# Thread: prove that c is negative if c = xa + yb < gcd(a, b)

1. ## prove that c is negative if c = xa + yb < gcd(a, b)

for a, b, c, x, y Є Z and a, b != 0

How do I approach this question?

2. It is very similar to the proof that shows for all d>0 where d is a common divisor of $\displaystyle a,b\epsilon Z$ that $\displaystyle d=gcd(a,b)$ if and only if $\displaystyle d=x*b*ya$ for some $\displaystyle x,y \epsilon Z$

Prove that c is negative if $\displaystyle c=xa+yb<gcd(a,b)$.

Proof:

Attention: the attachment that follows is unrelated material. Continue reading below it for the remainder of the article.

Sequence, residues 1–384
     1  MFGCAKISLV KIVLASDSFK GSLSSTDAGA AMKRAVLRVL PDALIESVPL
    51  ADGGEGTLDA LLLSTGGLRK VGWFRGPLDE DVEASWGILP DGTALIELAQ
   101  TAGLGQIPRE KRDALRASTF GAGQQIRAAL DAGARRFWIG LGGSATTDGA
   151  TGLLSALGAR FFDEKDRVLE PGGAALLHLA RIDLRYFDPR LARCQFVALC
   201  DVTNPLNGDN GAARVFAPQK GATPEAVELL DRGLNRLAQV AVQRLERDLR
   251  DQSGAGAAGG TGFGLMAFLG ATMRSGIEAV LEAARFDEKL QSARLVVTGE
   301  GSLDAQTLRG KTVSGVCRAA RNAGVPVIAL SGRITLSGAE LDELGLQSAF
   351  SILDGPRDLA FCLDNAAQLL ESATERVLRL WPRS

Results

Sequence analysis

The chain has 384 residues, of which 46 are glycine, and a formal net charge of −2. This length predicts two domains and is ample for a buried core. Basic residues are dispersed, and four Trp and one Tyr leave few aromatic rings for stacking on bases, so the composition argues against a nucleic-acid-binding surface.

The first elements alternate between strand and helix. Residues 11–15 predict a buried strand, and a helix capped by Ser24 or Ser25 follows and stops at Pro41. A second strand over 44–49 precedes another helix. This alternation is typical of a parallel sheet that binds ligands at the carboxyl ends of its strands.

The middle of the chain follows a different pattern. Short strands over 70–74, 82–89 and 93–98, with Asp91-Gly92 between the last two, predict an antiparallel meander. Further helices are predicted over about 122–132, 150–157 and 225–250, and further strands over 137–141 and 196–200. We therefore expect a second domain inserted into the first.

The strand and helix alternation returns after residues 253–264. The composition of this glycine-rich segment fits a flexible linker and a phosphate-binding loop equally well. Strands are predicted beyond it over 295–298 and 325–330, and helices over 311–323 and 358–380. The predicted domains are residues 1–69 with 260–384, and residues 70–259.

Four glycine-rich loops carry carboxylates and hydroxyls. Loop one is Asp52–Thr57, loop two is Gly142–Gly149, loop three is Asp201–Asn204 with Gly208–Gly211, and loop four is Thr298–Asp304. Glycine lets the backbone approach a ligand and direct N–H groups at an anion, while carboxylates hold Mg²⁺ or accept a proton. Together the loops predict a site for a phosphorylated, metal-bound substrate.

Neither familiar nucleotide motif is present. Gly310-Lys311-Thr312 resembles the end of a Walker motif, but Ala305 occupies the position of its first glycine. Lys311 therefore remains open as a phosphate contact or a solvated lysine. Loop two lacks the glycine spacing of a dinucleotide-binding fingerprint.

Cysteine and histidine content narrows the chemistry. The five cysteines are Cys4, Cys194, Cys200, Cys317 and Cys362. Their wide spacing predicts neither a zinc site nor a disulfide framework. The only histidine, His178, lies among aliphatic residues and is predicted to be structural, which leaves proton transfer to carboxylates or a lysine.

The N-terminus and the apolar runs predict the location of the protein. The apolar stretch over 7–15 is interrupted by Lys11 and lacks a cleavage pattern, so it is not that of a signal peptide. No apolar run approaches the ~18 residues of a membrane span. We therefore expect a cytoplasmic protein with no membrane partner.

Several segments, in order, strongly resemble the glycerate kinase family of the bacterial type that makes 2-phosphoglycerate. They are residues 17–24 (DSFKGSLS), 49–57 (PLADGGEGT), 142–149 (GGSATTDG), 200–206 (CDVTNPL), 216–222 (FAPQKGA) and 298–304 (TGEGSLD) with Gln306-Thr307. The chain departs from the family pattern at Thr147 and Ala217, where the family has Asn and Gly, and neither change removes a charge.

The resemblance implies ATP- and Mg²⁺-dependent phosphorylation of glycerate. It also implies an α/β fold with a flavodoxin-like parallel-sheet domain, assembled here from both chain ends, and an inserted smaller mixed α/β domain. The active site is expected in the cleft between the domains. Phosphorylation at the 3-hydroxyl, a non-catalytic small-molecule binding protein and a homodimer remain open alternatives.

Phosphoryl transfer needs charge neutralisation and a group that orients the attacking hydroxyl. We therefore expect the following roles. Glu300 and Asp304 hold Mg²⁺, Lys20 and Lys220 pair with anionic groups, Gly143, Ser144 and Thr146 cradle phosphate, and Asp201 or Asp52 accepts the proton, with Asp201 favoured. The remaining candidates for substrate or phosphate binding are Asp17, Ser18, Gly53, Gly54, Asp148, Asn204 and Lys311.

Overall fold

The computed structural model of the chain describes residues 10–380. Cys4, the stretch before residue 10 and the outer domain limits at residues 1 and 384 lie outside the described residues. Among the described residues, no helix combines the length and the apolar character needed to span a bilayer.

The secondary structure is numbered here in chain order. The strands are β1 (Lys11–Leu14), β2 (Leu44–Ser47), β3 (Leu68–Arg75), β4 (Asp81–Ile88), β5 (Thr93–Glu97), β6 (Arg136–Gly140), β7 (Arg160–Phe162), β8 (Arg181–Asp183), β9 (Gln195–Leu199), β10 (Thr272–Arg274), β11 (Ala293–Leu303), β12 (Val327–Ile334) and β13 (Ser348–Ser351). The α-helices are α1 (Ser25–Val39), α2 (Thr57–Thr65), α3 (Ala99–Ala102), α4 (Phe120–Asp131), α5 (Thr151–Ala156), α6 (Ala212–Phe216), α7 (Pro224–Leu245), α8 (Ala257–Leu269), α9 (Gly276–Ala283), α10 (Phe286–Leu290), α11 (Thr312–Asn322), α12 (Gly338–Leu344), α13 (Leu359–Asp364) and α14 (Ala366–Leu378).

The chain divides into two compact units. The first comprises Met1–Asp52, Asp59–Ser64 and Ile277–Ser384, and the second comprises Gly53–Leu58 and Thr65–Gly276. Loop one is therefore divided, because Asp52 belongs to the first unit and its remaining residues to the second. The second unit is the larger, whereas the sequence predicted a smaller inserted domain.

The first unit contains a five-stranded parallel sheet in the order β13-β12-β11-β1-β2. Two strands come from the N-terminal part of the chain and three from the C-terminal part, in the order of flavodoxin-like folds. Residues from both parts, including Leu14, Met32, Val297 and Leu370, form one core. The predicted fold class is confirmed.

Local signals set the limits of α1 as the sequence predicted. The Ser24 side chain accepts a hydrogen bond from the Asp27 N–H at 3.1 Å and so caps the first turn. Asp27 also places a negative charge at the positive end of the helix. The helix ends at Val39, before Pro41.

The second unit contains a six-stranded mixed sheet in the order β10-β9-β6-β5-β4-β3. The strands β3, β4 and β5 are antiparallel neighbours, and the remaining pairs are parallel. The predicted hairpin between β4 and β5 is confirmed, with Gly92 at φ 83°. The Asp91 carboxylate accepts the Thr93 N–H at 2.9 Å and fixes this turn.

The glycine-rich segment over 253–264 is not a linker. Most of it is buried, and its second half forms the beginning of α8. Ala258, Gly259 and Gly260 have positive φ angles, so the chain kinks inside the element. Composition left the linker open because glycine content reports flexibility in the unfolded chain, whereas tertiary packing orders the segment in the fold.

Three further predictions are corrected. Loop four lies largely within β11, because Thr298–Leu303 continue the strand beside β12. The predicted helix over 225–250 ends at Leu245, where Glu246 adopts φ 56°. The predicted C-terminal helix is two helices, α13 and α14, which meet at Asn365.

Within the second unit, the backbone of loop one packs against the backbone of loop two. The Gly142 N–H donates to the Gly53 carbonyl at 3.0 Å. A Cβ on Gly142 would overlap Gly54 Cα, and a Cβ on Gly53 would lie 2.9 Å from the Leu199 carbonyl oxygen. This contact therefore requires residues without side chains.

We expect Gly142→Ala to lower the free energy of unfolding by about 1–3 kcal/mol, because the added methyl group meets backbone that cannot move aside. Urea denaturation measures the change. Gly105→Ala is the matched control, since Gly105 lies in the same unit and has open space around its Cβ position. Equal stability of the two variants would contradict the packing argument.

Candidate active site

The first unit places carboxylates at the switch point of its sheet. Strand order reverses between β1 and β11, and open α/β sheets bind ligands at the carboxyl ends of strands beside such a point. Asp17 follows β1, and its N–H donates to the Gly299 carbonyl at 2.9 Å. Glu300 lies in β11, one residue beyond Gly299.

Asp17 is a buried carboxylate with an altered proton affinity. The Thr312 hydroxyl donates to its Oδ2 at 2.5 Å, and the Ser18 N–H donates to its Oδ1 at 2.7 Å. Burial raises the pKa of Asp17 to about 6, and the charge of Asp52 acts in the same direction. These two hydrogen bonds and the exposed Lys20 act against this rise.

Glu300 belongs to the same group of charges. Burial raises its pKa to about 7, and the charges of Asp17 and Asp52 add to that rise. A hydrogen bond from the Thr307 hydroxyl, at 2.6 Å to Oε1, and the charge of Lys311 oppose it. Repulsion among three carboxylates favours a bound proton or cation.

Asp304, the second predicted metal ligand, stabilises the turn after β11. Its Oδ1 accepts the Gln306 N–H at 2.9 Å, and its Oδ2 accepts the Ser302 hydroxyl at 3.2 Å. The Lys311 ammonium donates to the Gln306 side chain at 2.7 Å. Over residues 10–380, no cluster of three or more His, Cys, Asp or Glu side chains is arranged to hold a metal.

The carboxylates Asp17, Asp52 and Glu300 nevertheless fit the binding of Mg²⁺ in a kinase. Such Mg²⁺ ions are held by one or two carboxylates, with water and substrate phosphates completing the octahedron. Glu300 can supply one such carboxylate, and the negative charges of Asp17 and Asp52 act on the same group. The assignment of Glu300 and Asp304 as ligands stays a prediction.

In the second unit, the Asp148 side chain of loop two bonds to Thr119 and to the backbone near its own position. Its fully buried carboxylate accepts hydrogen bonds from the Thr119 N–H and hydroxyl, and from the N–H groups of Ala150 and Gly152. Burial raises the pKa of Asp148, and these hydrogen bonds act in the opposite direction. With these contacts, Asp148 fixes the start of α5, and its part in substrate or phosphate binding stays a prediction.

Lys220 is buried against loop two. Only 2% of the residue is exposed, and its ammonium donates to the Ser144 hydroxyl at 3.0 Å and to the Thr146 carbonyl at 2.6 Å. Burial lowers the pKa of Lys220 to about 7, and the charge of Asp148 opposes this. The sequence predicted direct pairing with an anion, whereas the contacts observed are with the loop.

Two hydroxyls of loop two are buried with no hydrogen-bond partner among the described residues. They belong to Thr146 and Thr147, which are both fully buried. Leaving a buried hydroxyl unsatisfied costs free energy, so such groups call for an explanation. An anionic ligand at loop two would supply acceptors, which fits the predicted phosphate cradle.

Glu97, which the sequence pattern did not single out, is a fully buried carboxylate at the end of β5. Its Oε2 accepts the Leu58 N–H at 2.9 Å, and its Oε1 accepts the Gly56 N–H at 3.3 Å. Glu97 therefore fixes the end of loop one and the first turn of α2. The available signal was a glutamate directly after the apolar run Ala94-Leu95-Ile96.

Suppose $\displaystyle c=xb+ya$ for some $\displaystyle x,y \epsilon Z$

Any common divisor d of a,b divides $\displaystyle xb+ya \implies d|c$
Since d|c we know that |d| is less than or equal to |c|. This means that gcd(a,b)=|c|<gcd(a,b). This means that c must be -gcd(a,b), and since gcd(a,b) is always positive, then c must be negative.

Where gcd = greatest common divisor
|c|= magnitude of c

I am not guaranteeing its correctness but this is the basic idea... you may have to be more descriptive in areas.

3. Originally Posted by SaxyTimmy
This means that gcd(a,b)=|c|<gcd(a,b).
I think you've made a small mistake here. What I think you meant to say was:

|c| = gcd(a,b)
c < gcd(a,b) (What the question is asking to prove.)

4. No, I am pretty sure that I answered the question as it was asked. I proved that c must be negative if it was less than gcd(a,b)